I am currently reading a whimsical novel called A Nameless Witch by A. Lee Martinez. It is about a witch, …nameless of course… , a witches familiar…usually a cat but in this book, a duck… a magic broom, a chaste White Knight and a Troll. Oh and a wiley fox who stays mostly out of sight of the others. All these characters are on a quest. A passage in the story begins… “A worthwhile quest always involved a great deal of nothing happening. Until that is, something does happen.” So it is that our travels are a bit like the quest. Most of our days are waiting for a something to happen day.

Last night I spoke with long-time friend, Tony J.

Frank and Tony J. Buddies from National Service Days.

Frank and Tony J. Buddies from National Service Days.

I mentioned we had planned to drive to Dorrigo today, just because we can. Tony called this morning and said they were going to have breakfast and then drive from Port Macquarie along the coast and up the mountain range to meet us in Dorrigo. That was a three hour drive for them and a two hour drive for us.

We arrived in Dorrigo where the local markets were at the packing up stage. The CO-PILOT  loves markets as she learns about a community from their markets. I learned they were packing up and most had already gone.

White Lady with harvest at the Dorrigo Markets.

White Lady with harvest at the Dorrigo Markets.

The CO-PILOT learned she can still find something to buy, even when most of the stalls have gone. By the time I co-ordinated our escape Tony and Dawn had arrived in town and being lunchtime, were ready to eat. Regrettably we did not have time to walk around town and absorb the community feel. We had lunch and sat around chin wagging for an hour.

Dawn Tony and Donns

Dawn Tony and Donns

Donnis and Dawn

Donnis and Dawn

Then we agreed to visit the local National Park, The Dorrigo Rainforest Centre.

Mural made by local primary school at the Dorrigo Rainforest Centre.

Mural made by local primary school at the Dorrigo Rainforest Centre.

A timber suspended boardwalk

Suspended walkway at Dorrigo Rainforest Centre.

Suspended walkway at Dorrigo Rainforest Centre.

took us to amazing valley views which gave views all the way to the coast.

View across the range to the coast.

View across the range to the coast.

Tony and I started on a rainforest walk but by the time we stopped to look at an interpretive map realised the shortest return walk was two hours so retraced our steps back to the rainforest centre.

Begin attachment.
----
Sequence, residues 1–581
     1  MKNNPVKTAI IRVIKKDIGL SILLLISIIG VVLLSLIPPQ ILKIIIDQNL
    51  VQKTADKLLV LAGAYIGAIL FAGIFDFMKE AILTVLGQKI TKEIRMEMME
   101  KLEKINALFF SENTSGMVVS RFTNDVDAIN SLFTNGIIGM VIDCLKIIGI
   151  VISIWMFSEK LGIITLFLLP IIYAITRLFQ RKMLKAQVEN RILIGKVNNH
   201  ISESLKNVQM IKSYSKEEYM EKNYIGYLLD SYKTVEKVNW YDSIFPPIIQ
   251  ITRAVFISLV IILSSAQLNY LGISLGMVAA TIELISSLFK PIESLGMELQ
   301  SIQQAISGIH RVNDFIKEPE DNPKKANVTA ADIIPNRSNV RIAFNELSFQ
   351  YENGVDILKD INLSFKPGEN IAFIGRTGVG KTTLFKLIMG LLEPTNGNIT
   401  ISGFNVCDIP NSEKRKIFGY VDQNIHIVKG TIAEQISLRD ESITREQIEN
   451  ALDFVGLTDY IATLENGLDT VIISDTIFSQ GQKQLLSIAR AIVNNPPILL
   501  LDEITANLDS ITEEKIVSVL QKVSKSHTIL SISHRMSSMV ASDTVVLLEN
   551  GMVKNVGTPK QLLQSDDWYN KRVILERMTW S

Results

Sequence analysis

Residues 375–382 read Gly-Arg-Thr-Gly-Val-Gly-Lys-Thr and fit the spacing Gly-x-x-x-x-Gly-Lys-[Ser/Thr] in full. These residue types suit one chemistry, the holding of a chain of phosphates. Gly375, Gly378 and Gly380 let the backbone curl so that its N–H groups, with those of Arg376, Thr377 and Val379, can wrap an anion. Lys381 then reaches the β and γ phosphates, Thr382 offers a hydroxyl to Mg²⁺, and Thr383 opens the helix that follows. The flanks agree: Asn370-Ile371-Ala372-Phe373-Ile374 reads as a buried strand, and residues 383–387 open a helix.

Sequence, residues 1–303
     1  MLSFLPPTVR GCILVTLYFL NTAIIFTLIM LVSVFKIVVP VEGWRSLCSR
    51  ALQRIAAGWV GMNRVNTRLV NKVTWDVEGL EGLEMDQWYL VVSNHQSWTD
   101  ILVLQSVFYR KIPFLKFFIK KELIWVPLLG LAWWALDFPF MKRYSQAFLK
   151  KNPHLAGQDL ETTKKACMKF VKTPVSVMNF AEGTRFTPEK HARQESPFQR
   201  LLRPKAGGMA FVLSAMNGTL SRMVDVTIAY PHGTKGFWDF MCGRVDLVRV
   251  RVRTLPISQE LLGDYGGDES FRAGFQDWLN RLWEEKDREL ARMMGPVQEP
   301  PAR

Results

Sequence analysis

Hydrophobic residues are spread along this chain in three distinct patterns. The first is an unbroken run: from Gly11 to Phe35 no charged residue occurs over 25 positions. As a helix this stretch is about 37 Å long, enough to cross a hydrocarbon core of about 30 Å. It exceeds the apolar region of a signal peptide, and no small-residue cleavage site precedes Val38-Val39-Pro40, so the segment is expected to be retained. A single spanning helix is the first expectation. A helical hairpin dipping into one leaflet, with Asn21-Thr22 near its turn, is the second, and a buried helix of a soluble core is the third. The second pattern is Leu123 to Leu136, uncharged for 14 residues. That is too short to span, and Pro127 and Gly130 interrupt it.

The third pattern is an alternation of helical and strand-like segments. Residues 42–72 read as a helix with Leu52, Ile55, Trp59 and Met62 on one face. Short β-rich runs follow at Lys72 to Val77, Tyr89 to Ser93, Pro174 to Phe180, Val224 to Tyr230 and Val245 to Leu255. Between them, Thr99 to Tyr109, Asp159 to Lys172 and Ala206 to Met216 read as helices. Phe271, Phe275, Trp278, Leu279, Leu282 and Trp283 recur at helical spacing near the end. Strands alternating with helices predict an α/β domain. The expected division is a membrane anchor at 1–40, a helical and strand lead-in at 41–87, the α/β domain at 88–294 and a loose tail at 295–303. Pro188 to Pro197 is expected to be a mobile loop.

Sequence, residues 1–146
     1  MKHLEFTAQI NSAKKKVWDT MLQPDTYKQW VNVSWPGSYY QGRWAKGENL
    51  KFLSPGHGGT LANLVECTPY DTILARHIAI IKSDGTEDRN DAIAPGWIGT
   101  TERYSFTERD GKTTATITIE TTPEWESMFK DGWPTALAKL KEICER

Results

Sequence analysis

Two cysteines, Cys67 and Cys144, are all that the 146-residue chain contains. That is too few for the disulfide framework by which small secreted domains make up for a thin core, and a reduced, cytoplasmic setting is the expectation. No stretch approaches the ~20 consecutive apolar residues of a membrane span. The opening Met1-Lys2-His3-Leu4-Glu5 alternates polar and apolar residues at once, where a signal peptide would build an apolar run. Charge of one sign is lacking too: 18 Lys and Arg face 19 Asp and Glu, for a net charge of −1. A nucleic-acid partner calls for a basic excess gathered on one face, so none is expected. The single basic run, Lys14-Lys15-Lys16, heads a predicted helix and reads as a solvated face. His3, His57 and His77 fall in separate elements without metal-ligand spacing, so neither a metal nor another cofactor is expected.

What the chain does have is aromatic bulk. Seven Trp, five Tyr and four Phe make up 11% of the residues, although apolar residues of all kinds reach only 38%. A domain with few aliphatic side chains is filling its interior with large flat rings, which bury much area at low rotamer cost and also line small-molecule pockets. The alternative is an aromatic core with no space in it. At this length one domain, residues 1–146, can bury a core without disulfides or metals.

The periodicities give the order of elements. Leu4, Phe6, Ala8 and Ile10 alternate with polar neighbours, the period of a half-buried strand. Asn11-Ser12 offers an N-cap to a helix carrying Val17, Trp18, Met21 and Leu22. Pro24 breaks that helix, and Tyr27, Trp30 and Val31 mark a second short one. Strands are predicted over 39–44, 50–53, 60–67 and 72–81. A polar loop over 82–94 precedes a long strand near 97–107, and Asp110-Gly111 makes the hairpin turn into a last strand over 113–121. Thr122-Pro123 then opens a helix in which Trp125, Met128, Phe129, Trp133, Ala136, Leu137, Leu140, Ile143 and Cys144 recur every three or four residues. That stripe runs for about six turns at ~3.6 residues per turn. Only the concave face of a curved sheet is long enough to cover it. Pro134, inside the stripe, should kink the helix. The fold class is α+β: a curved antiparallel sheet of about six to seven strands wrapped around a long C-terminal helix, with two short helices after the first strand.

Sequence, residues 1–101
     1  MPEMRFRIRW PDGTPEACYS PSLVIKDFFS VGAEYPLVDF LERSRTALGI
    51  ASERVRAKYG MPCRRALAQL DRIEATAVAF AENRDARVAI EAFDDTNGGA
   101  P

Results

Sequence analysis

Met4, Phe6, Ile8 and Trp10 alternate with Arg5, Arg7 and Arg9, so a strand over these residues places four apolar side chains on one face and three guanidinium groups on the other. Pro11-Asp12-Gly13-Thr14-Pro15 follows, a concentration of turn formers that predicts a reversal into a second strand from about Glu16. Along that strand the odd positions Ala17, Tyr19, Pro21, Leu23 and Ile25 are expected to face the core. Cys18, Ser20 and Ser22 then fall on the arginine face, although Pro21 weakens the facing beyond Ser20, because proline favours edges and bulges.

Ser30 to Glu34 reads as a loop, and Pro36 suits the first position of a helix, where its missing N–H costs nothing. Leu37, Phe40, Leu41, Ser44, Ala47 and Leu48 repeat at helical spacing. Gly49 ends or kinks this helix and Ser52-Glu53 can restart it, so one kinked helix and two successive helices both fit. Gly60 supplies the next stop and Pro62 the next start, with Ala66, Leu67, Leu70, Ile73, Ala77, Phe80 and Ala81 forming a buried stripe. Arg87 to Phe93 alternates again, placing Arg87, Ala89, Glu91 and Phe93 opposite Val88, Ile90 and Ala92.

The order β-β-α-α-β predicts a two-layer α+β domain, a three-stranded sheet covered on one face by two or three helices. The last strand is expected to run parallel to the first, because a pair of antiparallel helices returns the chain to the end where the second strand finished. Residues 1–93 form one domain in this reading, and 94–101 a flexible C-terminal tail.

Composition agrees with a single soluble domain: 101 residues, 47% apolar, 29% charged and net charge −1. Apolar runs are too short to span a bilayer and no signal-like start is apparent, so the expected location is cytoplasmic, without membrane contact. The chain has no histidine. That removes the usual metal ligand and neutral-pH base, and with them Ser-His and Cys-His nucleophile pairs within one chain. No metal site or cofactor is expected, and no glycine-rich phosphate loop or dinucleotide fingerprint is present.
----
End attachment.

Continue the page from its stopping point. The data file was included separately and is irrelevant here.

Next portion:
Tree overcome by Strangler Vine  and the original tree has rotted from the inside.

Tree overcome by Strangler Vine and the original tree has rotted from the inside.

Young girl on natural hanging vine swing at Dorrigo Rainforest Walk.

Young girl on natural hanging vine swing at Dorrigo Rainforest Walk.

All too soon it was time to have our hugs and kisses and say goodbye.

The day was predicted to be heat wave conditions but it was rather pleasant at Dorrigo on the edge of the escarpment.

Back in Guyra it was warm enough for me to wear summer jammies…the first time during this summer it was warm enough to do so. A heat wave in Guyra gets about as warm as a mild spring day elsewhere.

Sunday 6th January.

It was a quiet day down on the farm. I dressed in long trousers, long sleeve shirt, gloves, heavy boots and hat before cutting the grass for an hour.

Late in the afternoon we harvested a small bucket of Apricots.

Ripe Apricots

Ripe Apricots

Once rised and cut in half and the seed removed, they were placed in the dehydrator. We should know how they turn out  in 24 to 36 hours.

Apricots in the dehydrater. We created five trays this size from a small bucket of fruit.

Apricots in the dehydrater. We created five trays this size from a small bucket of fruit.

We also spent some time discussing and making loose plans for a three day getaway in WWWGO.

When??? That is why there was time spent discussing the getaway. Nothing yet decided but we are working on it.

Stay tuned.


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2 Responses to “293. Sunday 6th January 2013. New Year, Friendship, Dorrigo, Apricots and Snake incidents…”

  1. Paul Greenfield Says:

    Hey Frank and Donnis

    Another interesting post. I am reading a book now called Vietman The Australian War. Very long book, very interesting. Did you serve over there as a Nasho?. I was called up, but medically unfit. After reading this boook I am glad I was.



    • frankeeg Says:

      G’day Paul. was in Nasho’s from 66 to 68. Tony and I met on day one and spent most of our time together. Neither went overseas but friends did, some did not return.All war is pointless but turning the other cheek is just as pointless. Who is the author of the book perhaps it is available on Kindle. We might have a chance to catch up next time you are online with your Skype. Cheers